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Sari, Indian Culture and Shashi Tharoor
|by Yamini Ayyagari|
Shashi Tharoor, who I believe made a major faux pas in his column on the Sari two weeks back (about which I have written here), has now responded to the various brickbats he received from the blogging world here.
To a large extent I believe Shashi's response was confusing and amusing. Given the amount of criticism he received it seems as though he is desperately trying to make the best of the worst situation he already is in. Even as he concedes that all the points raised by his critics were indeed valid, he tries to get off by saying whatever was stated in the article was his opinion and that he is entitled to one. Somehow the whole argument does not hold water, especially with me. First, he advocates this whole theory about Indian women and the Sari, and when he is cornered he hides behind the whole notion of individual opinion and getting a male perspective to the table. In my opinion, without saying so, he does seem to admit that his views were indeed patriarchal; but then, he opines, that shouldn't really bother anyone else because those are only "his" views.
I find that terribly problematic. When you stand up there and ask a group of professional women journalists why they are not wearing a Sari, it is not an individual opinion any more. When you get all preachy about it, and write in the newspapers saying in the decline of the Sari as a attire you see the decline of Indian values and traditions and cultures, you have put the personal in the public sphere. And then, you cannot just get away saying "this is my personal opinion; and if you do not want to agree that is your problem". The fact is Mr Tharoor, Sari or any other feminine attire does come with a history, a history of burden and stereotyping more than anything else. And when you stand up there on a pedestal and promote the very same attire, questions will be raised, fingers will be pointed; you can't just get away now saying - oh this is all very personal! You obviously weren't looking to just state your views, else you wouldn't be elated by the response of individuals who said they were going to switch to wearing a Sari. You wanted the column to make an impact, as you yourself said, in the response of such people "lies the hope that my column will not have been entirely in vain...".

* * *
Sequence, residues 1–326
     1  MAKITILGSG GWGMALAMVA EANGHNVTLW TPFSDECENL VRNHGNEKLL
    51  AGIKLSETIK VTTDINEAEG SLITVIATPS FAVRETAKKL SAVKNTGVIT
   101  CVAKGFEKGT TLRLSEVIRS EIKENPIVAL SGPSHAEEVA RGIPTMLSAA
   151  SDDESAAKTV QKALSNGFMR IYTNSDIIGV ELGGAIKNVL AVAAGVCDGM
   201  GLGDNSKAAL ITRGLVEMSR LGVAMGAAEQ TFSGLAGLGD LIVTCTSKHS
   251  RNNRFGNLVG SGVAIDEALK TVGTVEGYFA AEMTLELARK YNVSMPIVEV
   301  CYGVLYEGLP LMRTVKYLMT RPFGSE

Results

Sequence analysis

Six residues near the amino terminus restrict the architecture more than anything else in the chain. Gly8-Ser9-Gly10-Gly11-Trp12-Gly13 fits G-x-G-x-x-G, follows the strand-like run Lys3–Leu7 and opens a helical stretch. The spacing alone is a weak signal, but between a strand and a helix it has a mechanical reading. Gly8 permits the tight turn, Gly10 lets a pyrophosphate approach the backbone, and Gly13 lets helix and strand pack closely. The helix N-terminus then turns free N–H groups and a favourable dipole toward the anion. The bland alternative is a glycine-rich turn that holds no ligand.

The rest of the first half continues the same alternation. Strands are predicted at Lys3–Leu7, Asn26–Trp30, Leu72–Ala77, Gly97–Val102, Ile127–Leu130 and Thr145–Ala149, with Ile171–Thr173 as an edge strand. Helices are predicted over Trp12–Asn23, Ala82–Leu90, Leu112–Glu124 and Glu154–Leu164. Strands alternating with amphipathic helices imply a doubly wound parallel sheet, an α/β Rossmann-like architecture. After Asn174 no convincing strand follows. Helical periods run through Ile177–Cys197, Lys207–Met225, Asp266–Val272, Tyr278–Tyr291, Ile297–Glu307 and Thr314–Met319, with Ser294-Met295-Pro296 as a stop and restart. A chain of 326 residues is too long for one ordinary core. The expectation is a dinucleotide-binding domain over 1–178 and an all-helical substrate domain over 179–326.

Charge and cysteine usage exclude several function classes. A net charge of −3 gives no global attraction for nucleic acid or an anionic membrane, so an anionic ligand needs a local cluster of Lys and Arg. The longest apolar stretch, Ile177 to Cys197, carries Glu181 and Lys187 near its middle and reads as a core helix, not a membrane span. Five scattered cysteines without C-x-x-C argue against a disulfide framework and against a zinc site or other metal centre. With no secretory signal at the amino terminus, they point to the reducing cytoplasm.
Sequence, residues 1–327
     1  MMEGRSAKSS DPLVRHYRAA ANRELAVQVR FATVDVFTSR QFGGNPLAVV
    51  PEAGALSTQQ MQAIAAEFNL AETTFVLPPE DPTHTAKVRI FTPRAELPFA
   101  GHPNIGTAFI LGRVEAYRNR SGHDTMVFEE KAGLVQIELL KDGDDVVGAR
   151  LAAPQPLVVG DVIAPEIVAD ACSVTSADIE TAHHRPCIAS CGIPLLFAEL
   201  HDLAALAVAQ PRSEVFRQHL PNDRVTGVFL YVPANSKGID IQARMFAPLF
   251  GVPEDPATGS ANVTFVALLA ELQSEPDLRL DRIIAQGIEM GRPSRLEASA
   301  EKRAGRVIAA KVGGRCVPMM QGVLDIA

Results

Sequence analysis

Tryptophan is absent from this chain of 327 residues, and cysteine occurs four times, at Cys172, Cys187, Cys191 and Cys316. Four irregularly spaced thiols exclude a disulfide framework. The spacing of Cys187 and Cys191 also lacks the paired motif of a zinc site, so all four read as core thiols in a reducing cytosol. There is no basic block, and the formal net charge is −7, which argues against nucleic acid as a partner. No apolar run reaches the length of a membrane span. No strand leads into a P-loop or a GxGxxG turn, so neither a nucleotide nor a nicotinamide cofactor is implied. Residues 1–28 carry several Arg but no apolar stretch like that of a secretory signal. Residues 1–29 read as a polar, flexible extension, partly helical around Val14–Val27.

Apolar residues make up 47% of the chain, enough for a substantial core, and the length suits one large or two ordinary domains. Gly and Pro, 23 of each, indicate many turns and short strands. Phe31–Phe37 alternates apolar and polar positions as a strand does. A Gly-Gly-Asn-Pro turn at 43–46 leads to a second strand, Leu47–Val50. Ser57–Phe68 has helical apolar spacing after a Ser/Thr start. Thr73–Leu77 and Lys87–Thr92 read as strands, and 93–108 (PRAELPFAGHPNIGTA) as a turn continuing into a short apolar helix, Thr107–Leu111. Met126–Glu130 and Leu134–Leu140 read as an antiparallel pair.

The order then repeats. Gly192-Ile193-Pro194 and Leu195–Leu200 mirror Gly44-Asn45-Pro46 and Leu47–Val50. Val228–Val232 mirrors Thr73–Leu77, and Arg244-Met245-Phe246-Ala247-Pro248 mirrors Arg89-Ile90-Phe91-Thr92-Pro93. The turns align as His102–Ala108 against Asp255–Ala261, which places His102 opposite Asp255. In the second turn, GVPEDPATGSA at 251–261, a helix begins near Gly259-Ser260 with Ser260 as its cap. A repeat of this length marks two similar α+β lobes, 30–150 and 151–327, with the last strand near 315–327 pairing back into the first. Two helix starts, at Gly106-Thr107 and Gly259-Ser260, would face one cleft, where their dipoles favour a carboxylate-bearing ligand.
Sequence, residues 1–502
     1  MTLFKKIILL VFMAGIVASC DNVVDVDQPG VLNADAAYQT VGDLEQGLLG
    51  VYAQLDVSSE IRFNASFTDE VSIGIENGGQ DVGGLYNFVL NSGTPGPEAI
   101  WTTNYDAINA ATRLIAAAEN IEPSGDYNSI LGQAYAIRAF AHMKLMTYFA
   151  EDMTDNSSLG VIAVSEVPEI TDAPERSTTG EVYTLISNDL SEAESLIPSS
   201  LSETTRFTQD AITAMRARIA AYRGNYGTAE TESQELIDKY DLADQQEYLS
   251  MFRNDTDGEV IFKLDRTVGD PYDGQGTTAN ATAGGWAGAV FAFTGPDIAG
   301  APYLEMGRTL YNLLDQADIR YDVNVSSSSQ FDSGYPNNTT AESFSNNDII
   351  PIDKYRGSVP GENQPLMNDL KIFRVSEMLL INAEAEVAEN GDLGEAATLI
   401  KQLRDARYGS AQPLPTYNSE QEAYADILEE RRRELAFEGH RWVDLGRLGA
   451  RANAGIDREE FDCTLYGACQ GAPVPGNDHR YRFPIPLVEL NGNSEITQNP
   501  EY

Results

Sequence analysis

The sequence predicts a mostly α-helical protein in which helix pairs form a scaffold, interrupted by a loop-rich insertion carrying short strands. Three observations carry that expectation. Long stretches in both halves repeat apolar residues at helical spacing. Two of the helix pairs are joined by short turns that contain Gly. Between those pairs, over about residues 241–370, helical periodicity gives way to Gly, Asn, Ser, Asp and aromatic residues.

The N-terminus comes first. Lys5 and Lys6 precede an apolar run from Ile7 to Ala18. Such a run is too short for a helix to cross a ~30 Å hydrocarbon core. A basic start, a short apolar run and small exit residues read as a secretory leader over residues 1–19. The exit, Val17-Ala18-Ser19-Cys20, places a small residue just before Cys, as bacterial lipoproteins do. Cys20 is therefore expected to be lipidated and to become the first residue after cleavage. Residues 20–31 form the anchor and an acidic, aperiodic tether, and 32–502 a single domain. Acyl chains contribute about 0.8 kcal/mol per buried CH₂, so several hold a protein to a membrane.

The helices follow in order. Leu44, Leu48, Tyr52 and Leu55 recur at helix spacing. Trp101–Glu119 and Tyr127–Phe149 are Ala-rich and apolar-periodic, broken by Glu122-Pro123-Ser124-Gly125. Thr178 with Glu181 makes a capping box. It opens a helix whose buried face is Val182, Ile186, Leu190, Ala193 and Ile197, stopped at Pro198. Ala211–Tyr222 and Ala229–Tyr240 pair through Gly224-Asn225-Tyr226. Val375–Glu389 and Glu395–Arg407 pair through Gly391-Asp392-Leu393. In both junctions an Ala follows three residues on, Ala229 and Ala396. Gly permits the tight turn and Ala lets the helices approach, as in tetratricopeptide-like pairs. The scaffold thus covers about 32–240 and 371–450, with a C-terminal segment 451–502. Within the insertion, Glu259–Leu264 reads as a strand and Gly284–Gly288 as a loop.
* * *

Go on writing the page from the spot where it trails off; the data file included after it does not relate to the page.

And as to why the same emphasis is not paid to men and their dhotis/mundus, even in his response Shashi is more or less silent, except to say that a "whatever the aesthetic merits of the dhoti or mundu, they pale in comparison with those of the sari". Again, in his first article about the Sari itself, the emphasis throughout was not on the "aesthetic merits" of the Sari alone in comparison to the dhoti, but on the intrinsic link between the Sari and Indian culture. If that is the main argument of your article, Shashi, I don't see how the dhoti or mundu doesn't fit into the picture. Isn't the dhoti a traditional attire of Indian men?
In Shashi Tharoor's response he also talks about why he is always seen in a western attire. He says he does so because "if I was to represent the United Nations to the world, I was expected to do it in a suit and tie." How conveniently does he forget the example of Mahatma Gandhi that he himself gave us in the last article! Let me quote his own words: "Gandhiji demonstrated that one did not have to put on a Western suit to challenge the British empire;" and then this, "Our clothing has always been part of our sense of authenticity". These words and statements and examples are used easily to suit his argument about why women should wear a Sari but are happily forgotten when asked about why he adorns a Western suit? Is that hypocrisy or what? If you are an Indian representative at the UN and to the world, isn't the onus to "wear" your authenticity on you?
At the end of the second article, I am even more disappointed and angry than I was before. Mr Tharoor, you come all out and say that everything you said about the Sari was a personal opinion - as though individual views and ideas are indeed important. Yet, you have a major problem when about half the population of this country makes a choice about what they would like to wear or not wear. Isn't it ironic?
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